Candice Tan
by Candice Tan

The pages of history have housed many fascinating and dramatic tales, and in recent times, the British Royal Family has been juicy source material for many notable dramas - from The Queen to The King’s Speech. In Stephen FrearsVictoria and Abdul, audiences are given another captivating insight into the Royal Family, with the spotlight on Queen Victoria – and a particular friendship that had been hidden for over a century.

Victoria and Abdul

The responsibility of playing Queen Victoria falls to Dame Judi Dench. Her portrayal of the outspoken monarch, as usual, carries the weight and gravitas we’ve come to expect from the Queen of British film. After all, she has played this role before in Mrs Brown. This time around, the story begins near the latter part of her reign when she strikes an unusual friendship with an Indian subject who ends up becoming one of her closest confidantes.

In 1887 at her Golden Jubilee, Queen Victoria would meet a young Indian man named Abdul Karim (played by Bollywood actor Ali Fazal), who was tasked with communicating with the Indian dignitaries at the event. During this time, a friendship was formed between the two. Karim would teach the Queen Urdu, a Hindustani language, so she could speak to her subjects. He also shared with the Queen about his family, culture and life in India, and even cooking a chicken curry for her using spices from his home (apparently the Queen was so enamoured by the dish that she included it in her regular menu!). Ultimately, Karim treated the Queen like a human being, and not at a distance like others did, and this formed the basis of a deep friendship that would span until her death in 1901.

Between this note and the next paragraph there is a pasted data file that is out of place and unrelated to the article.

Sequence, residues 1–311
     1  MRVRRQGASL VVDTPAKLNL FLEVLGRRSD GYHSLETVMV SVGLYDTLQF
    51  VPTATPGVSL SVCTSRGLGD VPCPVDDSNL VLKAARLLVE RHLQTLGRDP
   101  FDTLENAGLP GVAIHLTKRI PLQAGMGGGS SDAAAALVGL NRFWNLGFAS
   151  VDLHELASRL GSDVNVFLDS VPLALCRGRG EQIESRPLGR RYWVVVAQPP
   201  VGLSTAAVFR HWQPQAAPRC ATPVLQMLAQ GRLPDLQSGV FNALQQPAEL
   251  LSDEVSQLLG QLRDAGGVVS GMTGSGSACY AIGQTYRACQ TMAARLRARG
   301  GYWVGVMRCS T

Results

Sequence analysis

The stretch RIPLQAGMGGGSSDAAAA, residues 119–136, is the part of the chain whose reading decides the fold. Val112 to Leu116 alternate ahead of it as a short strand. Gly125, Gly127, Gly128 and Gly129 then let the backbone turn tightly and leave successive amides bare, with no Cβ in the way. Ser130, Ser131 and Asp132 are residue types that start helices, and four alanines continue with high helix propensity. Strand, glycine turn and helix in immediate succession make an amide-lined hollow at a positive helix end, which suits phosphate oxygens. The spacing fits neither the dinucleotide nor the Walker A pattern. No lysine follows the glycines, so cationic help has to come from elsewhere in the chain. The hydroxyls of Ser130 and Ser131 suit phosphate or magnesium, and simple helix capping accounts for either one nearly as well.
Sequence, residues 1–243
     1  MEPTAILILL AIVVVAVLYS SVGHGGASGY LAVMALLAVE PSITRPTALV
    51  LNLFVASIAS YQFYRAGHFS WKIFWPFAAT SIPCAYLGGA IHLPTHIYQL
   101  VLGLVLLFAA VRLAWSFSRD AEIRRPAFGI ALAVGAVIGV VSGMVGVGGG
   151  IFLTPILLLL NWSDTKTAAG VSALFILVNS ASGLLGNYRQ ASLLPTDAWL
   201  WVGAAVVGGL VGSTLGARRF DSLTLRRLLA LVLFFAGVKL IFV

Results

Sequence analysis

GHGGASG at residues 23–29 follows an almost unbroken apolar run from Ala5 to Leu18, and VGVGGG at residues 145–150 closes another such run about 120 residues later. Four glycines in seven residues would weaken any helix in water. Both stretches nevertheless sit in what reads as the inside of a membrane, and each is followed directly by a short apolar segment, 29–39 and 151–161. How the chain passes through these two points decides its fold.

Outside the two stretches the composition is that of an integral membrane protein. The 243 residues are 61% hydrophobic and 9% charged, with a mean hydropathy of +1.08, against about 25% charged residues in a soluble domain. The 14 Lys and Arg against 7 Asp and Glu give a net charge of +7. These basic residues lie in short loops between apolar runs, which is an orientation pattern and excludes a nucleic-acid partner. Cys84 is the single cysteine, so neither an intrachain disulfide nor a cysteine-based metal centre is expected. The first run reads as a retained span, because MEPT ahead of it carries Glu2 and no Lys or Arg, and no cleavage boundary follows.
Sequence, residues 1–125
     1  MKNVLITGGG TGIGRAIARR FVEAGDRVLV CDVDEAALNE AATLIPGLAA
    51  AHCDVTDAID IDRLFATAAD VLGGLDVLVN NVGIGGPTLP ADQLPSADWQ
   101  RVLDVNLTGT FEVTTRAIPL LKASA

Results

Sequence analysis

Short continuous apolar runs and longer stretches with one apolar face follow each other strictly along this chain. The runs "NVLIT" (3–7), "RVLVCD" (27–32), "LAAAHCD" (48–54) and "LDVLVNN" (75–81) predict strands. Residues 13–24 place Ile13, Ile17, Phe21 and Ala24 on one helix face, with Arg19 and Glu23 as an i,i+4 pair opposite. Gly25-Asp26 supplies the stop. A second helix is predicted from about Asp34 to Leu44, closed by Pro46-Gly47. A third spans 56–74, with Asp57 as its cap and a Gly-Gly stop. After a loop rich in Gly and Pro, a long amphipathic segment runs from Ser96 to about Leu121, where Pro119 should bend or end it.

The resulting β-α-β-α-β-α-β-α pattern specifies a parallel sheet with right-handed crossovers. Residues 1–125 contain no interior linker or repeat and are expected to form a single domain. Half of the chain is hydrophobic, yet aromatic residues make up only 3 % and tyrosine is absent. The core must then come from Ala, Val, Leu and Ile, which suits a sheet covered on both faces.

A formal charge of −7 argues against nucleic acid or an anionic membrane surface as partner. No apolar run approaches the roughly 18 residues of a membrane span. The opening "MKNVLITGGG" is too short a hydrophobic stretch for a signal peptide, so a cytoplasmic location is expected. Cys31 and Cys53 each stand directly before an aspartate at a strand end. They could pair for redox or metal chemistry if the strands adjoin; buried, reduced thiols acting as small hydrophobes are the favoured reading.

Their friendship was a very close, albeit platonic, one. He was such a trusted companion that the Queen gave properties to Karim, provided a pension for his father, commissioned paintings of him and even requested that he be one of the principal mourners at her funeral. The many privileges and honours the Queen bestowed on Karim reflected the deep affection she had for her special ‘munshi’ (or teacher). In fact, when he expressed his desire to head back home to be with his wife, the Queen brought her over to join him in England instead. She also extended Karim’s wife the same respectful treatment she had for Karim.

However, unsurprisingly, this affection towards a person of his status and race did not please everyone. In fact, the Queen denounced the negativity from her staff and family as racial prejudice and jealousy towards Karim. Regardless, the Queen maintained the friendship until her death.

Following her passing, however, Karim’s privileges were taken away quickly. The late Queen’s family stripped him of his titles and forced him to go back to India. He was also scrubbed out of the history books as much as possible – so much so that it took around a century for him to be discovered.

Thankfully, Shrabani Basu, a journalist, happened to come across Karim’s curiously regal bust and paintings in the Queen’s Isle of Wight home, which sparked a historical investigation. Luckily, a surviving member of Karim’s family got wind of the investigation and helped Basu along by handing her Karim’s diary, which documented his life in England, serving the Queen.

As Karim’s diary became the key source of insight into the Queen’s remarkable ally, Basu published her findings in a book, Victoria & Abdul: The True Story of the Queen’s Closest Confidant, which became the inspiration of the film.

Victoria and Abdul is nominated for Best Costume Design and Best Makeup and Hairstyling at the 90th Academy Awards.